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The sand between your toes, salty tang in the air and the sound of waves lapping the shore - a beach epitomises relaxation. It's unsurprising then that holidaymakers are drawn to the coast, and Spain beach holidays are topping travellers' wish lists. The sun-soaked Costas and Balearic Island beaches have long had a place in British holidaymakers' hearts. From long stretches of pristine sand, to hideaway coves with not another soul in sight, you could spend an entire holiday hopping from beach to beach.
Here at James Villas, Spain beach holidays are one of our specialities. Whether you want the coast on your doorstep or are happy to explore to find that coveted, secluded spot, we can find you the perfect villa and the best flight options from many airlines across 25 UK airports. We can even sort your car hire, transfers and insurance - pretty much any aspect of your holiday that you want to place in our expert hands.
All that remains then, is to decide where in Spain?
Spain's longest coastline, it's little wonder the famed Costa del Sol is a magnetic for those who love sun, sea and sand. It's said to enjoy an incredible 300 days of sunshine per year, so you'll have plenty of opportunities for beach bathing on holiday. From the glamourous beachfront promenades around Marbella, to pristine and protected natural dunes, the choice between lively sands and secluded swathes is yours.
Playa del Cristo can be found near to Estepona, gently curving around the cobalt waters of the Mediterranean. Fine sand feels fabulous beneath your feet, while the calm sea makes it a dream for swimming and snorkelling. Facing west, it's the perfect place to linger as the sun sets.
Playa Nagüeles is one of the most exclusive beaches on the Costa del Sol on Marbella's 'Golden Mile'. Sun bathing, people watching and soaking up the glorious Spanish sun are the order of the day here.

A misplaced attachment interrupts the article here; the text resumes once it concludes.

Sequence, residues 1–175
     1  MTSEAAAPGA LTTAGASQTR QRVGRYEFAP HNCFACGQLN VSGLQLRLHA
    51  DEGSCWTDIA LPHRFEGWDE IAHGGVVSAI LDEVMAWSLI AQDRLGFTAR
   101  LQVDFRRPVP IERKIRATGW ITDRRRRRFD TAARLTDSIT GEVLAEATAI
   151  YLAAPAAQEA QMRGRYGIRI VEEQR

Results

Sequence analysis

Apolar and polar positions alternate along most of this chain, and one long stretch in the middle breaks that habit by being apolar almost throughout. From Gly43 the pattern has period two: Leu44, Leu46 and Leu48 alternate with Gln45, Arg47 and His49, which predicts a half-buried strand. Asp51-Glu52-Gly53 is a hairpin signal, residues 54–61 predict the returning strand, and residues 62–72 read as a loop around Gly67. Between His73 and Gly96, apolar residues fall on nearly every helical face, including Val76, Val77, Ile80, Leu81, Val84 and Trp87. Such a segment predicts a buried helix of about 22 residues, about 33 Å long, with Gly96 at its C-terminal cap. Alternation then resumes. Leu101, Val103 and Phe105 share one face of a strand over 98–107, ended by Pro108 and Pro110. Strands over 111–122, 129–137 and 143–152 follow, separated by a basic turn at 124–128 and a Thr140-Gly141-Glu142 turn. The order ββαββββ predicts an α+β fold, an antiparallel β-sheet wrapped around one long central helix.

Playa Puerto Banus neighbours the Costa del Sol's most famed marina and is also known as Playa de Levante. With fine sand and calm waters it's a beach mecca for families. The promenade behind makes for a delightful stroll. Throughout the summer you can amble the craft stalls and cross the wooden footbridge over the Rio Verde.
Get a bite to eat from one of the 'chiringuitos', or beach bars. Look out for fresh fish, sardinas al espeto - cooked over an open fire - and delicious tapas dishes.
Few beach holidays in Spain offer a more brilliant backdrop than Andalucia. Pretty beaches and coves of golden sand scatter the long, sun-soaked coastline on either side of Nerja. Peppered with white-washed towns and striking rock formations, it's the mountain ranges behind and sapphire blue Mediterranean beyond that complete the panorama.
Playa de Maro can be found east of Nerja. Protected from development this beautiful cove is home to an abundance of fish, making the clear waters popular with snorkelers. With hills and cliffs rising quickly from the surroundings, the secluded and idyllic scene is completed by a cascading waterfall which you can see from a hired kayak.